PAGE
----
For the fifth year, YWCA Dayton’s Preble County Office co-hosted One Night Without A Home, a community sleep-out during Hunger and Homelessness Awareness Week. The event — also hosted by Home Is The Foundation and Preble County Habitat for Humanity — is an opportunity for housed persons to spend a night outside to discuss, think, and learn about homelessness to help promote advocacy, awareness, and education. While the 2020 event looked different due to COVID-19, cancelling was not an option, organizers said.
“It’s not easy to plan an event like this during a pandemic, and we considered cancelling, but we didn’t get to cancel homelessness because of the pandemic; in fact, homelessness is more difficult and dangerous because of COVID-19,” explained Courtney Griffith, director of rural strategy for YWCA Dayton.
YWCA Dayton has provided safe, affordable housing for all of its 150 years. In 1871, our Widows Home sheltered destitute women; today, more than 175 women and families are helped by YW housing programs each year.
Women and girls’ vulnerability to homelessness and housing insecurity is highly associated with factors related to intimate-partner violence, child marriage, lack of access to high-wage occupations, human trafficking, and lack of access to childcare. 1 in 4 homeless women are homeless mainly because of their experiences with violence, and more than half (57 percent) of homeless women cite sexual or domestic violence as the direct cause of their homelessness.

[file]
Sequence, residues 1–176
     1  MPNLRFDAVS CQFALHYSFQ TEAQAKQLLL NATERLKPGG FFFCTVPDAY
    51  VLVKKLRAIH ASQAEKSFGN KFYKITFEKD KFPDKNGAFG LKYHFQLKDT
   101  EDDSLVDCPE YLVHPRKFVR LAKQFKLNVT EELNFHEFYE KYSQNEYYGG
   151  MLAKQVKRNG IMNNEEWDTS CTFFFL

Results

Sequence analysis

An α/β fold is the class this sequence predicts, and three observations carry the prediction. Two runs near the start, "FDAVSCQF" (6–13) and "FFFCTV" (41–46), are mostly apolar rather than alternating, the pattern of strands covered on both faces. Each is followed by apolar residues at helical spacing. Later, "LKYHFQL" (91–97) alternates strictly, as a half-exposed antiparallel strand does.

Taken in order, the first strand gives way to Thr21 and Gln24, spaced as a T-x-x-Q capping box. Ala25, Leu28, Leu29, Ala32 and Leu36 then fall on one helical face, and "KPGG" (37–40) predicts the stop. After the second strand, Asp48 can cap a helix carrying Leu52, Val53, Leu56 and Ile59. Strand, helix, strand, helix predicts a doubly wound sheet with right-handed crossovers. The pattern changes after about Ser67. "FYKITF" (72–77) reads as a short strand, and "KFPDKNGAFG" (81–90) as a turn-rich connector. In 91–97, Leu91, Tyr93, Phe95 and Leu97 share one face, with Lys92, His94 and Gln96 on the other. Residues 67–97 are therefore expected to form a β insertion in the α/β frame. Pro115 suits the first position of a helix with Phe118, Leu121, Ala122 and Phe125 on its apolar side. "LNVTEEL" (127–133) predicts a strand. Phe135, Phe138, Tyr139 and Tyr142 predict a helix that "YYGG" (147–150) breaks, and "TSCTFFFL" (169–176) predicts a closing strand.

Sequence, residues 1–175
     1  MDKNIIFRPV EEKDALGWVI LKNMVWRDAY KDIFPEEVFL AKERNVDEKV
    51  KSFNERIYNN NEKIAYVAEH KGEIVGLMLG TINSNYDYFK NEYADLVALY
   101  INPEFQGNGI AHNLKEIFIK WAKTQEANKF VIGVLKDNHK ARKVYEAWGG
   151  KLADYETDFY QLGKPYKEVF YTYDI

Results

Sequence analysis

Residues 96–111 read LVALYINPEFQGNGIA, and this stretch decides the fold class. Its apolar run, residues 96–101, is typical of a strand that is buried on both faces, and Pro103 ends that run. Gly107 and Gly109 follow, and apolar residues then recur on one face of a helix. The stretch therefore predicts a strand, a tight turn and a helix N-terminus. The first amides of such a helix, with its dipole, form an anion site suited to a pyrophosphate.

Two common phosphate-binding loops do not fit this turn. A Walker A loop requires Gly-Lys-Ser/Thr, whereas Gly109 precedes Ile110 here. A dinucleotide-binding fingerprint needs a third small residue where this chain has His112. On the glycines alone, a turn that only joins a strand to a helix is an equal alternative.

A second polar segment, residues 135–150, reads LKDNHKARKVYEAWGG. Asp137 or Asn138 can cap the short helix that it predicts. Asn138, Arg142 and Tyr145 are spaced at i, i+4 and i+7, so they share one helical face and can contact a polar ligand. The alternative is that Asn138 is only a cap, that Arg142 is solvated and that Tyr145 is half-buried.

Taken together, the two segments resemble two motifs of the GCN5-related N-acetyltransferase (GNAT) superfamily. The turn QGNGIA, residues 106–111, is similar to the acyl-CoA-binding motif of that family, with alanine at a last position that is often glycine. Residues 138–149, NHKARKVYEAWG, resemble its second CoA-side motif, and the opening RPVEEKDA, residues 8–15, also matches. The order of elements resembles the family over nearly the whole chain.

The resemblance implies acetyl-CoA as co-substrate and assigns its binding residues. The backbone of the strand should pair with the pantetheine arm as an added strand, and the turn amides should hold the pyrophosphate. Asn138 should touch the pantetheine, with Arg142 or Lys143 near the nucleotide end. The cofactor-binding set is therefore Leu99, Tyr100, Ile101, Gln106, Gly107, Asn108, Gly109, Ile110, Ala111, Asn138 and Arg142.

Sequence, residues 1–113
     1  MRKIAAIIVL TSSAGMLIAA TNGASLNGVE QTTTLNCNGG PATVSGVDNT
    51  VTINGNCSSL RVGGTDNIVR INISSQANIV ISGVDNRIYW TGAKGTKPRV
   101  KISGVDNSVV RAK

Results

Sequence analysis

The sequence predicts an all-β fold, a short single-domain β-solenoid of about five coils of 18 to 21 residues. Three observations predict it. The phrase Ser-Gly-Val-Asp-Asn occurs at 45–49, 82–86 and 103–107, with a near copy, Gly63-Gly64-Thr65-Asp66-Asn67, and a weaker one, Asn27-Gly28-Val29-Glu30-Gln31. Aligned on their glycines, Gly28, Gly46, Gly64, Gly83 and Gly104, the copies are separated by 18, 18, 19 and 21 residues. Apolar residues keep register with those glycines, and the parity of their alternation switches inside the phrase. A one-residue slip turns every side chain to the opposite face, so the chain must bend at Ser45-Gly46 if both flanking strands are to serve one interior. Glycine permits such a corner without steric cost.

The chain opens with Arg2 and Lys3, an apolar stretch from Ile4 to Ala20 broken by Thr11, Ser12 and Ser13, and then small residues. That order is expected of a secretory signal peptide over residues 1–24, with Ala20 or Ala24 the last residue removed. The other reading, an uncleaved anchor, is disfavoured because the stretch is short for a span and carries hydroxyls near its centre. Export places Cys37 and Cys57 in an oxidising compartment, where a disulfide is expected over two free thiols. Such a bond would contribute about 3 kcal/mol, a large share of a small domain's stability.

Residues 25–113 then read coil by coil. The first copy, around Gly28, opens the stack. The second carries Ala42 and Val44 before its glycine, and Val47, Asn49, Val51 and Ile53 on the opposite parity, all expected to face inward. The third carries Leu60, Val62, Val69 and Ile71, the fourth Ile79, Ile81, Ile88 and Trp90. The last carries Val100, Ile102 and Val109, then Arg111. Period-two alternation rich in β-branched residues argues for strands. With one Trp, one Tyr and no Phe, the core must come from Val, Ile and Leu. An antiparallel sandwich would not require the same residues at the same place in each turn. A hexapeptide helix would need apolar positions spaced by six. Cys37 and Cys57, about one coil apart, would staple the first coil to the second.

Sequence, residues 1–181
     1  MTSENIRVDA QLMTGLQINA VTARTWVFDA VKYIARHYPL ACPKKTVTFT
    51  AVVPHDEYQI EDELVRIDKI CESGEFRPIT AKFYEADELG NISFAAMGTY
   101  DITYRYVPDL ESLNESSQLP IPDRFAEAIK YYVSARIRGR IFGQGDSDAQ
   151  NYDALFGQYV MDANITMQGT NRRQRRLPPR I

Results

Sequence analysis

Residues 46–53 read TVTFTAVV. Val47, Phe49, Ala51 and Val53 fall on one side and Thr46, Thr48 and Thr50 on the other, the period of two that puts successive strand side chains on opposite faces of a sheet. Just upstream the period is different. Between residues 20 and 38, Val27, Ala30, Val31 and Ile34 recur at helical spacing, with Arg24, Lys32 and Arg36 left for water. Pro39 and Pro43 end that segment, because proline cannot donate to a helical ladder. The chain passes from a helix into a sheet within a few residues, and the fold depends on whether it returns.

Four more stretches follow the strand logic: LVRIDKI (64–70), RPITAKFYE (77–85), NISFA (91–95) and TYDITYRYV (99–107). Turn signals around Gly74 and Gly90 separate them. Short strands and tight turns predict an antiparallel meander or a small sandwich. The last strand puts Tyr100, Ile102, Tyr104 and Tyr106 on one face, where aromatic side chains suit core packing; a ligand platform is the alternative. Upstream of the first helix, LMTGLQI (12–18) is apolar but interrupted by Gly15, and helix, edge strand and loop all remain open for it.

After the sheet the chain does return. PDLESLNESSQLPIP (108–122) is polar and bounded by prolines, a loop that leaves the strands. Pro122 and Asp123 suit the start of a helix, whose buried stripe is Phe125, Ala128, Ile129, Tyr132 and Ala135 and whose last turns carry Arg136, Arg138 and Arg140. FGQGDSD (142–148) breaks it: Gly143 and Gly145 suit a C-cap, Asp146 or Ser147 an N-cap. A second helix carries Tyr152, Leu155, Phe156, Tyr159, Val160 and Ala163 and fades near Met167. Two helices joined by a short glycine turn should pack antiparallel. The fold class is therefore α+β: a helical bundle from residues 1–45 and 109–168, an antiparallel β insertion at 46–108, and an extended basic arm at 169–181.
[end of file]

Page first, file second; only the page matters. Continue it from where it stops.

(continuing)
Additionally, homelessness is one of the most visible manifestations of racial inequity: structural racism, discrimination, and unconscious bias in housing and employment have led to an over-representation of racial minorities experiencing homelessness. African-Americans make up 40 percent of the homeless population, but only 13 percent of the general population.
While the One Night Without A Home event traditionally sees community leaders and organizations camping out in front of the Preble County Courthose overnight, in keeping with pandemic safety protocols, participants attended a distanced candlelight vigil and were encouraged to camp out at their own homes.
Toni Morgan, executive director of Preble County Habitat for Humanity, led the vigil ceremony. “If you take anything away from tonight, I pray it is the significance of light. It is important for us to shed light on the invisible people in our county and make others aware of the homeless issues people are facing every single day,” she said. “Living in homelessness is a dark place to be, and we have the opportunity to shine our light into their lives. Local organizations have lots of ways that you can help: working a shift at the cold shelter, making a donation, cooking a shelter meal, volunteering for an event; it can also be as simple as a conversation, a smile, a hug, or a prayer. What does that look like for you? Can you be someone whose light inspires others to shine more brightly?”